Standard Life Price Reduction

The current rout of the world stock markets has forced Standard Life to cut the price range for its listing on the UK stock market next month by 10%.

The group's 2.4 million policyholders will have their average payouts reduced to about £1,540 compared to £1,700.

Needless to say, the policyholders are far from happy with this, some are quoted as saying that they are "completely disillusioned" with the company.

The price range for the shares has been brought down from 240-290p to 210-270p.

Sandy Crombie, its chief executive, said the board and its advisers "had a very serious discussion about delaying".

He compared the float process with "a juggernaut, difficult to stop once it is launched".

This is rather ironic as only a few years ago Crombie fought against listing Standard Life, and managed to persuade the policyholders to vote against it. That was back in 2000, when the policyholders would have made ten times as much as they are doing now.

A cynic might question why Crombie still holds office?

Phil Needham, a policyholder, is quoted as saying:

"I'm completely disillusioned with Standard Life.

My own payment was expected to be between 7,000 and 9,000, but this development will knock about 10 per cent off this figure. They ought to have demutualised five years ago.

As a company over the past five years its performance has been appalling

This fall in price leaves them open to a hostile bid.

Given this shambles, and the ongoing industry wide endowment policy fiasco, it is hardly surprising that people have totally lost confidence in Britain's life assurance industry.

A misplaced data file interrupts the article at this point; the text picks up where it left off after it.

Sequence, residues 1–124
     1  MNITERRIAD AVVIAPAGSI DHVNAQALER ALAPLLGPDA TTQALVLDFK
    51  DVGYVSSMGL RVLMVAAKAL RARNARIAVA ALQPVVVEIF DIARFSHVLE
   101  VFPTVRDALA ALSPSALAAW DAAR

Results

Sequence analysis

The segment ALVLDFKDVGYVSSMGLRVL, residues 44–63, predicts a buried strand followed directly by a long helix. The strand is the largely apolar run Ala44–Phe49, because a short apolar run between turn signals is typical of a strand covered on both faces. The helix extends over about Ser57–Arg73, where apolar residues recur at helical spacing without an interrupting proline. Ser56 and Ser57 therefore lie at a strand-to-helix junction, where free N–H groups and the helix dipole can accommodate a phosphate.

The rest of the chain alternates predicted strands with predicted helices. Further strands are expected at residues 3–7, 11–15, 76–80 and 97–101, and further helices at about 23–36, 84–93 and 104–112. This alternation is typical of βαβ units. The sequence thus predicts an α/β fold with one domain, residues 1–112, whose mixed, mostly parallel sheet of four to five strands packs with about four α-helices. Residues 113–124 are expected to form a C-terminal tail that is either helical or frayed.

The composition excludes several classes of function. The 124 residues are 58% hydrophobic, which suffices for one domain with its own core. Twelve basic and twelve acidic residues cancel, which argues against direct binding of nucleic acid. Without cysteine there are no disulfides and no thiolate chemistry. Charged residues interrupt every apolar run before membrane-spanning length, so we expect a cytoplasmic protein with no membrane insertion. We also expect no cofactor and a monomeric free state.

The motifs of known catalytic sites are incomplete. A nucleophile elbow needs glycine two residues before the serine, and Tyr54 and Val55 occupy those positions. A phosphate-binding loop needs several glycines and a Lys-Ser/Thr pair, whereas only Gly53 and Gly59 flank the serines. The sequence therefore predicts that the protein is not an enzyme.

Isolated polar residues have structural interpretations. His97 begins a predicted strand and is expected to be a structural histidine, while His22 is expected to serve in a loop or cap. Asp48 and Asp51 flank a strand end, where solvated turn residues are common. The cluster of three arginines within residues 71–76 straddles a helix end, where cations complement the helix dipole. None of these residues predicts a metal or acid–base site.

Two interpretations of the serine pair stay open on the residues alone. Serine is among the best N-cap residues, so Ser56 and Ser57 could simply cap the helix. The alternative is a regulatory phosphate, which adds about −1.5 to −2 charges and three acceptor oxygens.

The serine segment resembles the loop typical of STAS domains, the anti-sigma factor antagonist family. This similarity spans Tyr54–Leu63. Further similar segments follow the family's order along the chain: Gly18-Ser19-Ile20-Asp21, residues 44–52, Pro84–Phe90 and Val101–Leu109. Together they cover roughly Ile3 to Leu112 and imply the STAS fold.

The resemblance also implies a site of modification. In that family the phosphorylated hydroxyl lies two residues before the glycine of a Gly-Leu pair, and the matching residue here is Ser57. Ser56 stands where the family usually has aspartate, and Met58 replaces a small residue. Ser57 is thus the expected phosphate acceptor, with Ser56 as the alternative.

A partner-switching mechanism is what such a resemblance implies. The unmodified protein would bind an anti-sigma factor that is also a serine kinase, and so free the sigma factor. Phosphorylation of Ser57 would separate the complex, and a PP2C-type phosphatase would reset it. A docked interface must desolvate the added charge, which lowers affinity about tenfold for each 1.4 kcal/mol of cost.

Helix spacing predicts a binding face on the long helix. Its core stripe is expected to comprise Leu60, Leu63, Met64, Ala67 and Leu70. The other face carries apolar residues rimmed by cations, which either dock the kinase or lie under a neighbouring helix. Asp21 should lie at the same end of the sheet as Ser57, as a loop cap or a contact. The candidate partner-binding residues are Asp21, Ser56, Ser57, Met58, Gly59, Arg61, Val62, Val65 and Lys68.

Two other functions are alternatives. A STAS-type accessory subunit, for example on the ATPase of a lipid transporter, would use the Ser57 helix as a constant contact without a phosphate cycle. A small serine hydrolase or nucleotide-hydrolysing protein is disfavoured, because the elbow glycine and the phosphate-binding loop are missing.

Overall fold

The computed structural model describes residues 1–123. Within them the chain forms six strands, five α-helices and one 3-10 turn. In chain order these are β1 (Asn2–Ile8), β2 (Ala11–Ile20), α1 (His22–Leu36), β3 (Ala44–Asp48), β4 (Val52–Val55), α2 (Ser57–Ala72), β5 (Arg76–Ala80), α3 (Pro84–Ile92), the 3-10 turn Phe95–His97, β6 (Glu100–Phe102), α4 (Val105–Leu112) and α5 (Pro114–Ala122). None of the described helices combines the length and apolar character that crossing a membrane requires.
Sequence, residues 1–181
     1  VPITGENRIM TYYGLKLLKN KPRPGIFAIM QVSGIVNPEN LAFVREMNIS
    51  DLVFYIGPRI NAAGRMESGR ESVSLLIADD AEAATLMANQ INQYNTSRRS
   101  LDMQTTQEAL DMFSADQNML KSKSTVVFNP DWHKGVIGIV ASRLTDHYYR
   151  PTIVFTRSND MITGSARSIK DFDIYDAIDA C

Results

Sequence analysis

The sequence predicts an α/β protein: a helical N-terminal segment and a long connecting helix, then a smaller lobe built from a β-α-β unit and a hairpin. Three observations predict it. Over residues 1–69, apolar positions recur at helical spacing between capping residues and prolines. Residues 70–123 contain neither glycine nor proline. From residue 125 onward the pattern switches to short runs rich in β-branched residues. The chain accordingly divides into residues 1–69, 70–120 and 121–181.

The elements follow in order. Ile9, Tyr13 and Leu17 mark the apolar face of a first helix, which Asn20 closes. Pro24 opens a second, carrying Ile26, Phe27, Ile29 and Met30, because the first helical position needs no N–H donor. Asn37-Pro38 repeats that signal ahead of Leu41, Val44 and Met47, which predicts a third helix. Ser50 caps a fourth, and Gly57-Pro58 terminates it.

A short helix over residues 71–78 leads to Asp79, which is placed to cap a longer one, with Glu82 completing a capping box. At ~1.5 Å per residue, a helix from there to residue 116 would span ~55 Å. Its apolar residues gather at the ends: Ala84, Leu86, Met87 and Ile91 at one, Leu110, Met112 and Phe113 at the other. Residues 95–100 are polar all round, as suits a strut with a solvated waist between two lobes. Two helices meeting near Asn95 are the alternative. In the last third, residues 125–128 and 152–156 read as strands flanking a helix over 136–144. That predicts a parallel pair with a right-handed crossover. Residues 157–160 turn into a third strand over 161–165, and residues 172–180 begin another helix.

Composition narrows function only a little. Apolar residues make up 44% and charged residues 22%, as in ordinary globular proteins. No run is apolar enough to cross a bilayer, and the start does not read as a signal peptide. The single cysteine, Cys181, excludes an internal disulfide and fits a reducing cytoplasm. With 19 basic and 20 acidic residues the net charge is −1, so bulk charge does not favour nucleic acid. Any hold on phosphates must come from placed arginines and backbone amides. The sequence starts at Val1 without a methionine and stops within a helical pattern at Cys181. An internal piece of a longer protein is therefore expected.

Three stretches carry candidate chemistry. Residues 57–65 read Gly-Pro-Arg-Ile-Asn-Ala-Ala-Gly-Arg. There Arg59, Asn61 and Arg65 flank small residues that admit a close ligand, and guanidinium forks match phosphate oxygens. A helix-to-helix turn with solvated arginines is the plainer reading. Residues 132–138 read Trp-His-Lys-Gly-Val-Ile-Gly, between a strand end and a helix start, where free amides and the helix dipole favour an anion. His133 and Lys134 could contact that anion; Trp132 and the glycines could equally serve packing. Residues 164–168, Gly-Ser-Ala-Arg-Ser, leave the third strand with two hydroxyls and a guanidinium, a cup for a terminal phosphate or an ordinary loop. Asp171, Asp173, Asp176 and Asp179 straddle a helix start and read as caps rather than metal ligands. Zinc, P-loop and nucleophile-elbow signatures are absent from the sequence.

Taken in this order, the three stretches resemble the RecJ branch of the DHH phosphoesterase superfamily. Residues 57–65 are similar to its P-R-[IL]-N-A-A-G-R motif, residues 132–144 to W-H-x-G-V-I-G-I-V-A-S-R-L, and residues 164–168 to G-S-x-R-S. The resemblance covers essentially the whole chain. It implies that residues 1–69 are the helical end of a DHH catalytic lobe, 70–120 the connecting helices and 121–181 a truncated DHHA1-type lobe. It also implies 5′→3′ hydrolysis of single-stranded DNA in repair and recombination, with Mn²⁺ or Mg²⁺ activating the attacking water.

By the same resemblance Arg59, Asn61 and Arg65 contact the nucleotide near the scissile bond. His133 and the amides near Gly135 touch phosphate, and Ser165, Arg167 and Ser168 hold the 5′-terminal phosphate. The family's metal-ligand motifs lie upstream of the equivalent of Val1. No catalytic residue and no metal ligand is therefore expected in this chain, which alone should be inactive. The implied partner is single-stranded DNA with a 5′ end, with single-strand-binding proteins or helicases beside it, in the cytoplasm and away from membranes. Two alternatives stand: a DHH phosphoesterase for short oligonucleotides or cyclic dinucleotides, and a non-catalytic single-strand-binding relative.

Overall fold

Monday, June 12, 2006

Welsh Victory

Welsh Victory

Congratulations to Philip Lewis, who has managed to achieve the first victory in Wales against a building society who sold him an underperforming endowment mortgage.

The Principality has been ordered by Cardiff County Court to pay £4,600 to Mr Lewis, who bought a house in the city for £8,500 in 1975.

More details here: endowment victory.

Monday, June 05, 2006

Time Bar Challenge

Time Bar Challenge

It is reported that Brunel Franklin, an endowment claims specialist, has raised a legal challenge to the Financial Services Authority (FSA) and the Financial Ombudsman Service over time bars on endowment mortgage complaints.

Brunel Franklin believe that the policy is "inconsistent", and hope to change the current time bar deadline for endowment policy holders to make a complaint.

The FSA rules sate that insurers are within their rights to impose a deadline, but that this must be three years from the date the policyholder received a 'red' letter warning of a potential shortfall.

It is estimated that one million people have already been time barred to date.

Brunel Franklin claim that the red letters were misleading and did not state all the facts.

Claims director Ian Allison is quoted:

"Many did not explain to policyholders that their endowment may have been mis-sold and that they had the right to complain about its sale.

As such, a policyholder could not reasonably have expected to know that they were mis-sold the endowment or what to do about it

All of this could be so easily resolved, if the life assurance companies underwrote these useless underperforming policies.

Thursday, June 01, 2006

Standard Life To Float

Standard Life To Float

Standard Life will list on the stock exchange in July, after 98% of members voted to demutualise yesterday.

Had the company not campaigned so hard in 2000 against demutualisation, when the members were persuaded to vote no, the members would have made ten times the amount that they are likely to make now.

Funny old world isn't it?



Hat tip to Charles Pretzlik of the Financial Times, who yesterday mentioned this site and the endowment petition that I am running.